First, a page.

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Policy Report

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September 22, 2004

The Impact of Drug Reimportation and Price Controls: The U.S. and Massachusetts

Consumer groups and the media are putting pressure on public officials to allow U.S. citizens to reimport drugs from foreign countries like Canada. This report concludes reimportation programs or price controls would have a dramatic negative impact on drug development in the United States and, because it is home to a significant research center, on the economy of Massachusetts.
July 15, 2004

Parallel Trade in Pharmaceuticals

Supporters of parallel trade in pharmaceuticals argue that it lowers prices, which is popular with consumers and cash-strapped governments. But, in fact, parallel trade reduces safety, since it represents an end-run around domestic inspection procedures. More importantly, re-importation undermines intellectual property protection and hence incentives to invest in research and development of IP-based products, which will have ominous implications for consumers in the long run
July 14, 2004

Reducing Government Consumption, Increasing Personal Wealth: Limiting Federal Spending Growth Through Large Personal Retirement Accounts

Escalating federal spending presents a real and present danger to the fiscal health of the nation. The solution to bringing congressional budgeting back under control is personal retirement accounts. They would provide a built-in mechanism to control federal spending, pay off the national debt, eliminate the long-run unfunded liability of Social Security, keep the trust funds perpetually solvent, and boost economic growth
July 8, 2004

The Free Market Mirage of Reimportation

The reimportation of prescription drugs is being pushed not only by big government regulators but also by misguided free market advocates. The result: the effective imposition of foreign price controls on U.S. drug markets and the further erosion of genuine competition. But the cost could be worse than money. Governments that control drug prices routinely sacrifice their people's health in order to save money.

May 26, 2004

The Foundations of Financial Privacy, and Why Financial Privacy Is At Risk

February 17, 2004

Putting Taxpayers First: A Federal Budget Plan to Benefit the Next Generation of American Taxpayers

In the past three years, the federal budget has exploded by more than one-half trillion dollars, under a Republican Congress and a Republican president. This paper presents a specific strategy for cutting programs and streamlining government. The benefits of a reduction in government size and modernization of government mission would be enormous—a windfall that would lower the tax burden and fund new, critical policy initiatives.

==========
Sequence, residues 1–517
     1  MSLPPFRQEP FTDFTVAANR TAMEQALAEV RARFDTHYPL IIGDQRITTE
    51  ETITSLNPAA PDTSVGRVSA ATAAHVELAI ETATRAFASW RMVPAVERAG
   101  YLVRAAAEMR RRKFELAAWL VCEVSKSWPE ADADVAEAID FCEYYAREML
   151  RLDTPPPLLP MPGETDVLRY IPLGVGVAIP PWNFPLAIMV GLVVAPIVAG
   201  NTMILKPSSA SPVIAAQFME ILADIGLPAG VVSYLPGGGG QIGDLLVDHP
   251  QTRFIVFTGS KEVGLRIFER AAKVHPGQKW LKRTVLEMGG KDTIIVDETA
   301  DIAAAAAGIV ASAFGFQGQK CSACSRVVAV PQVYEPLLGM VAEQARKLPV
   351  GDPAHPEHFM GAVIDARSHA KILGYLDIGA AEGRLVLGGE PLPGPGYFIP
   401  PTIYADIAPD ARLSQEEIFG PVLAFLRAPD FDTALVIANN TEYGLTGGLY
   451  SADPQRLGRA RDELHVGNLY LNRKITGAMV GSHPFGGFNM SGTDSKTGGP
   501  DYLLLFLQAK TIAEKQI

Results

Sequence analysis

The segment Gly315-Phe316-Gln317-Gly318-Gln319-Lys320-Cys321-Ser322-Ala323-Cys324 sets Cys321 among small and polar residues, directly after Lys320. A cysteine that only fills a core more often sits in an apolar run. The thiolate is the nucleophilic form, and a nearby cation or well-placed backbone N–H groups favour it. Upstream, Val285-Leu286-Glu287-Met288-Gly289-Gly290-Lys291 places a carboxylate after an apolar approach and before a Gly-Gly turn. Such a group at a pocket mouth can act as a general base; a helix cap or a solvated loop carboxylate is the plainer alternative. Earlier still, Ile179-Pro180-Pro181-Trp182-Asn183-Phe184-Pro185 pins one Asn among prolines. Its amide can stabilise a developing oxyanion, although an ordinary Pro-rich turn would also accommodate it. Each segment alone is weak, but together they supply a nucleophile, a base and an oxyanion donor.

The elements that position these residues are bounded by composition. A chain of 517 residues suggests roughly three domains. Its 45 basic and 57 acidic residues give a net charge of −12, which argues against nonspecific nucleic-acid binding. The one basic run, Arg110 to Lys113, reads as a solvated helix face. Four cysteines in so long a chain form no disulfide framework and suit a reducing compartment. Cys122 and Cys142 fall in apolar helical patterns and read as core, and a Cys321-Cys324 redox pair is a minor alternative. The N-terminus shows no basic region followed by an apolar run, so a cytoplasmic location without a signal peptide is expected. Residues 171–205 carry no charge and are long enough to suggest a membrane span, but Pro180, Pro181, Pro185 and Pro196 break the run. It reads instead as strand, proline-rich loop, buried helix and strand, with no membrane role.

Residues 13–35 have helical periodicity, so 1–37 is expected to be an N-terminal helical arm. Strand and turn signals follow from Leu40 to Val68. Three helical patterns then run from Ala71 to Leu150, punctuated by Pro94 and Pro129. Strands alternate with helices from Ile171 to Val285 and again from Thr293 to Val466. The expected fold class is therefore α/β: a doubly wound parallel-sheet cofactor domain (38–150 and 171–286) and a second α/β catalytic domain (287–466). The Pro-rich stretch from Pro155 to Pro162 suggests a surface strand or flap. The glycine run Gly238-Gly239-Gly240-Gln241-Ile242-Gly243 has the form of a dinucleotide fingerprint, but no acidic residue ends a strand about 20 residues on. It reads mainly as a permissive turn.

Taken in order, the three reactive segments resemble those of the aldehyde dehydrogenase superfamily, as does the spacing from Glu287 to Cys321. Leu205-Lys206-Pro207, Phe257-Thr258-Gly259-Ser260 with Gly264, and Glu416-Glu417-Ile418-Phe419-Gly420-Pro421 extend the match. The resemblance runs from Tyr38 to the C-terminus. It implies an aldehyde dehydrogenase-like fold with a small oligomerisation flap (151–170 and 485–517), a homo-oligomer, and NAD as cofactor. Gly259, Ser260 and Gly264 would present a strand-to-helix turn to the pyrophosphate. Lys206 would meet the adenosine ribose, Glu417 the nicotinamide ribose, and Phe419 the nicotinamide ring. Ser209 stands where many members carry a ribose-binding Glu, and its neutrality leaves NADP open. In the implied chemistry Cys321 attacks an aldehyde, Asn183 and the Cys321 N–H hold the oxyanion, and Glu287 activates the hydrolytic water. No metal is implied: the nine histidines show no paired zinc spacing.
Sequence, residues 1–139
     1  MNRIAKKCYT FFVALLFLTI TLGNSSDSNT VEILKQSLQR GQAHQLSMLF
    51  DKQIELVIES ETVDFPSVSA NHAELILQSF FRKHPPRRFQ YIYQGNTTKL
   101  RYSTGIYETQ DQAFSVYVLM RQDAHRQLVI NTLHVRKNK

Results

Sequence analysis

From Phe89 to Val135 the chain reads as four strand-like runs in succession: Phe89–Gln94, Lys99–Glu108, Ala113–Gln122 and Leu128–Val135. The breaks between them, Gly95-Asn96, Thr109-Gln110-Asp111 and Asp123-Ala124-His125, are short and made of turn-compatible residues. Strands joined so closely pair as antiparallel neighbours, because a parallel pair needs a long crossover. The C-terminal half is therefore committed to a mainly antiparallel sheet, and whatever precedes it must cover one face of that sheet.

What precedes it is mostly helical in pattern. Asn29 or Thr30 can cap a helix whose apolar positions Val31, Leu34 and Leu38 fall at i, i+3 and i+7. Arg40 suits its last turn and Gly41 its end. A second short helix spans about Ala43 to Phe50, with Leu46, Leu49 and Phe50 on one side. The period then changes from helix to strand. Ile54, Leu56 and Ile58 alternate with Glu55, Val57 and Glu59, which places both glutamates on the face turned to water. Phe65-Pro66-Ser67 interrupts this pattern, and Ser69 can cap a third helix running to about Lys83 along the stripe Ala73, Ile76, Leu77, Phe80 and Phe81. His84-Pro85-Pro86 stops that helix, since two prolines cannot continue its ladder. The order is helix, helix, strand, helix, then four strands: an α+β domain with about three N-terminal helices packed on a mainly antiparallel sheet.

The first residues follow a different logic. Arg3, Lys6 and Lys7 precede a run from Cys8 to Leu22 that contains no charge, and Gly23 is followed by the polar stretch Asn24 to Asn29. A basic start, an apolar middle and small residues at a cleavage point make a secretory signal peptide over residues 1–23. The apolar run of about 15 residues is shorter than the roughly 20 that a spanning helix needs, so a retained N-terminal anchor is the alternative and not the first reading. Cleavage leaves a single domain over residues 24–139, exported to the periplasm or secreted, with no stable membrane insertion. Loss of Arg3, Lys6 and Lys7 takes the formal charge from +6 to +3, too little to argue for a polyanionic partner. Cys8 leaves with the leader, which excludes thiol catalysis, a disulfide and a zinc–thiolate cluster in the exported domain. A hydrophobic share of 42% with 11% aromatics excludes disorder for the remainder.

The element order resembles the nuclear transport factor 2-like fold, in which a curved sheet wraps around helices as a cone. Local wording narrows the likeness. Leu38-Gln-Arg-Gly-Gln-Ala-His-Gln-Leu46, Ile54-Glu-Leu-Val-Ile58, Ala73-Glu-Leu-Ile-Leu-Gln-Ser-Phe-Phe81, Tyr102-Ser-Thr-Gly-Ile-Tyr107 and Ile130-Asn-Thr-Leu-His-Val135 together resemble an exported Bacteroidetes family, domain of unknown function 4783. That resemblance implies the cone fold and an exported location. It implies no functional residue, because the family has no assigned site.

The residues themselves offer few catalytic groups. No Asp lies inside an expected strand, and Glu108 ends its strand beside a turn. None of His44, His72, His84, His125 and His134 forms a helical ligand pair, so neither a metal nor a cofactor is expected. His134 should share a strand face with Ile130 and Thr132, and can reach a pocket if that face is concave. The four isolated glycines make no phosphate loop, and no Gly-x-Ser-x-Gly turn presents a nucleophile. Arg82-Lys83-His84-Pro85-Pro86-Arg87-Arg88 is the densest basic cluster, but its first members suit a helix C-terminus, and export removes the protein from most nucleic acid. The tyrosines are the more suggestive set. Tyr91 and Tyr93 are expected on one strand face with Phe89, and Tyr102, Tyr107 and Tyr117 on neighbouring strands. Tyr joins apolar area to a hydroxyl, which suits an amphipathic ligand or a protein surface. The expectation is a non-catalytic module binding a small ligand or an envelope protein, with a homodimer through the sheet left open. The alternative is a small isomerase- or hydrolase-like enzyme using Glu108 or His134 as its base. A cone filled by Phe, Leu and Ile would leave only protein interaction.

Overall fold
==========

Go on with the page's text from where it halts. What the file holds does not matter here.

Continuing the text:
December 1, 2003

The Progressive Personal Account Reform Plan: The Official Score by the Chief Actuary of Social Security

Up until now, establishment Washington has assumed that any personal account option for Social Security would involve at most 2 percentage points or so of the 12.4% Social Security payroll tax. But earlier this year, IPI published a plan offering a progressive personal account option for Social Security which involves a much larger personal account option, averaging 6.4 percentage points. That plan has now been officially scored by the Chief Actuary of Social Security regarding how it would impact Social Security, and in particular the long term financial deficits of that program.

July 28, 2003

Leave No State or Territory Behind: Formulating a Pro-Growth Economic Strategy for Puerto Rico

Puerto Rico faces a daunting economic challenge at the beginning of the 21st century. The Mainland and Puerto Rico must enter into a new contract that rejects the failed policies of the past. Through the tax, regulatory and fiscal reforms proposed in this study, Puerto Rico can become a thriving international center of commerce and innovation, to the benefit of both the Island and the Mainland.

June 13, 2003

A Progressive Proposal for Social Security Private Accounts

A well-designed personal account option for Social Security would be substantial, highly progressive, and would provide a broad array of benefits and advantages for working people across the board, including low-income workers, minorities, and others. This study provides a concrete, specific and detailed proposal for reform that delivers on the promise of a true personal account option.
January 27, 2003

Don't Call--Just Send Me an E-mail: The New Competition for Traditional Telecom

The telecom industry has changed in ways not anticipated by the Telecom Act of 1996. A variety of innovative technologies such as voice over IP, e-mail, instant messaging, and wireless are competing with traditional telecom providers. These technologies are now commonly being substituted for traditional voice telephony, ensuring an abundance of competition in the telecom sector today and into the future, and making prior methods of measuring competition obsolete.


Total Records: 76



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